Lifestyle & Human Interest

Mom Cried When Son with Autism Met His New Service Dog: 'It's Worth Every Fight'


Dogs have hidden talents that many people don’t even realize are possible. Their natural abilities have led them to become proficient in tracking specific kinds of animals or contraband items, detecting impending health conditions and helping reduce overall stress in people’s daily lives.

Many dogs receive specific training from talented individuals who prepare the pups for lives as service animals — something most dogs are only too happy to participate in (though some do flunk out of the more rigorous jobs).

One group called 4 Paws For Abilities trains promising dogs to assist people with a range of conditions.

The first step of their mission is to “enrich the lives of children with disabilities by the training and placement of quality, task trained service dogs to provide increased independence for the children and assistance to their families.”

Next, they vow to “enrich the lives of veterans from recent conflicts who have lost the use of their limbs or their hearing while in active combat.”

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Finally, they try to “educate the public to accept the use of service dogs in public places.”

The first and third goals were definitely met and exceeded in October 2016 when they introduced one of their dogs, Tornado, to a little boy named Kai. According to Inside Edition, mother Shanna Niehaus had been waiting a long time for a day like this.

“There are a lot of misconceptions about autism,” she told Inside Edition. “Many kids on the spectrum don’t have many friends and it’s believed that these kids can’t have that connection, but that’s not the case. Kai has been searching for a really long time for that connection but he has a hard time sustaining that with people … He’s always shown better communication with dogs and any parent draws on a child’s strength.”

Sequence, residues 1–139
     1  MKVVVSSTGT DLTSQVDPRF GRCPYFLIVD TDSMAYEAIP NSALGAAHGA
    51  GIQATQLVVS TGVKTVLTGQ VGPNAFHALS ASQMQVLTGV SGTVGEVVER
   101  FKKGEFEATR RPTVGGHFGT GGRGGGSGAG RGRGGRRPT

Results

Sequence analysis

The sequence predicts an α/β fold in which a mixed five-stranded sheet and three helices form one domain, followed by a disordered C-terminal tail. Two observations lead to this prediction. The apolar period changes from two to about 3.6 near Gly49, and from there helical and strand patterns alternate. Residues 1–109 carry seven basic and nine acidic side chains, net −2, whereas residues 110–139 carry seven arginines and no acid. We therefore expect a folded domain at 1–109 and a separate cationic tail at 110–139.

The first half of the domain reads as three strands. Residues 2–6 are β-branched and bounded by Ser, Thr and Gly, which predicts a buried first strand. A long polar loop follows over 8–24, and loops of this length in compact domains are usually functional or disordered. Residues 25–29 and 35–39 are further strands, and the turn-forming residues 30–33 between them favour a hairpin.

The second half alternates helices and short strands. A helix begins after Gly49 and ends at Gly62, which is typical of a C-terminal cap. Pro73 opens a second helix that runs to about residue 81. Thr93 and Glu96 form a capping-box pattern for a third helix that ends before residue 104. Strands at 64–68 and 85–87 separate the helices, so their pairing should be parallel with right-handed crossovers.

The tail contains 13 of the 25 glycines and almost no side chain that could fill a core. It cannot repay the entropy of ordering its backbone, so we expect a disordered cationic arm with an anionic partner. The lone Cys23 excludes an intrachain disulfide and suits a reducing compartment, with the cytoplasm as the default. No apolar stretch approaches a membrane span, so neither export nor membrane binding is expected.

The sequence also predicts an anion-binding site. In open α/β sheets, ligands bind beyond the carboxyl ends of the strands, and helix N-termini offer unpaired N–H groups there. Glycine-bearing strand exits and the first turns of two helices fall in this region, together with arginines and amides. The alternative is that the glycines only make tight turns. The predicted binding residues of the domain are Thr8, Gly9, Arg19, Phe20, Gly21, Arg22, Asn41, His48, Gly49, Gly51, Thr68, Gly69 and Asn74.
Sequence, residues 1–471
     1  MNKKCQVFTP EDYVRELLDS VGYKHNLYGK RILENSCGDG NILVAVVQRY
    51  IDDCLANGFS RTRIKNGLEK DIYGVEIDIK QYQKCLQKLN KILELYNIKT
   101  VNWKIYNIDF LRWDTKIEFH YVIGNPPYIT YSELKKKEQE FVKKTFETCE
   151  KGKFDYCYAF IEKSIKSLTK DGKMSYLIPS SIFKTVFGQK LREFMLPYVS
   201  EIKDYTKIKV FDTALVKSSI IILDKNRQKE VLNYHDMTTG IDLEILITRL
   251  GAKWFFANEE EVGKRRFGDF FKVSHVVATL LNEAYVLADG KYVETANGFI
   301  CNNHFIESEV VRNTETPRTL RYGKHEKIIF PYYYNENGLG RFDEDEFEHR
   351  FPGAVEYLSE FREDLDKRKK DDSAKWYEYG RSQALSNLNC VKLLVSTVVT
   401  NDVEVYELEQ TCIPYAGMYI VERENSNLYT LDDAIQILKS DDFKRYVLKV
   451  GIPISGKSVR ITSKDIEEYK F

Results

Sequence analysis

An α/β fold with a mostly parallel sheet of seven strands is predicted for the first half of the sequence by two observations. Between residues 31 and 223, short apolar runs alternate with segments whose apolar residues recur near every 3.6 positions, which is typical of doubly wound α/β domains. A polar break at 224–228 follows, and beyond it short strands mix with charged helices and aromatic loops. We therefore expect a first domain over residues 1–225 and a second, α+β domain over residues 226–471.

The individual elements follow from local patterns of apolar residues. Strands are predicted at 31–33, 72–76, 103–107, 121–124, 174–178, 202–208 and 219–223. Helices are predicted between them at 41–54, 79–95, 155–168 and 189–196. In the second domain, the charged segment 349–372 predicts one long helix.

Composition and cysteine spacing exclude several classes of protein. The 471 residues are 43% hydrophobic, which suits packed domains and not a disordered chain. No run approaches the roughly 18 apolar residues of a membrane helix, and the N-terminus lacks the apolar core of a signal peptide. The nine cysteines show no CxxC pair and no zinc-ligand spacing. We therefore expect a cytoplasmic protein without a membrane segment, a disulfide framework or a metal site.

The family lives in Japan, but they traveled to Ohio for a meet and greet with a 4 Paws For Abilities dog, and to see how the dog and boy would get along. One look at the photo, and it’s clear to see that the two hit it off brilliantly. The photo and Niehaus’ account made the rounds on social media, warming hearts across the world.

“See this moment?” Niehaus began in a post shared by 4 Paws For Ability. “I’ve never experienced a moment like this.”

“This picture was taken near the end of the day after my autistic five year old was finally able to sit down with his new Service Dog Tornado. He flew across the entire ocean, stopped in multiple states, and uprooted his entire routine to travel the globe for this.

“He was so overwhelmed through the day that he had to leave to take a break for a couple hours before he could come back. This boy is the strongest child I have ever met; he has faced countless rude and ignorant adults and children who do not understand him, who have hurt him, and who have not valued him because he is different.”

“This picture captures the face of a mother who saw her child, who she can’t hug, wash, dress, snuggle and touch freely lay on his new Service dog of his own free will, with a purposeful unspoken attachment.”

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“This is the face of a mom who has seen her son experience countless failed social interactions on the playground in an attempt to have a friend. Any friend. Any kind of connection. She has sat with her son while he has cried at night for months because he has no consistent connections outside of the family no matter how hard he tries and no matter what he works hard on in his Autism therapies.”

“I have cried so many times for this boy, but this is the very first time I have cried for a reason like this.”

“It’s new, it’s painful, it’s wonderful, and it’s grateful,” she continued. “I will always stand behind this boy (probably still crying) but I am grateful that he will have Tornado to stand beside him. The 4 Paws magic is real.”

“The wait is long, but this moment right here makes it worth every moment of waiting. It’s worth every fight for services for my son, every diagnosis, every new provider, every dollar spent, every paper filled out, every school meeting, every shed tear, every step forward, every step back, and every wonder of the unknown future. Some how because of this — because of Tornado — I know everything will be okay.”

While Niehaus originally balked at posting the photo because of what she called her “ugly cry” face, she decided the message was too important to share and made the leap to express her joy and encourage other parents — and it’s a good thing she did, because she’s touched many hearts with her decision.

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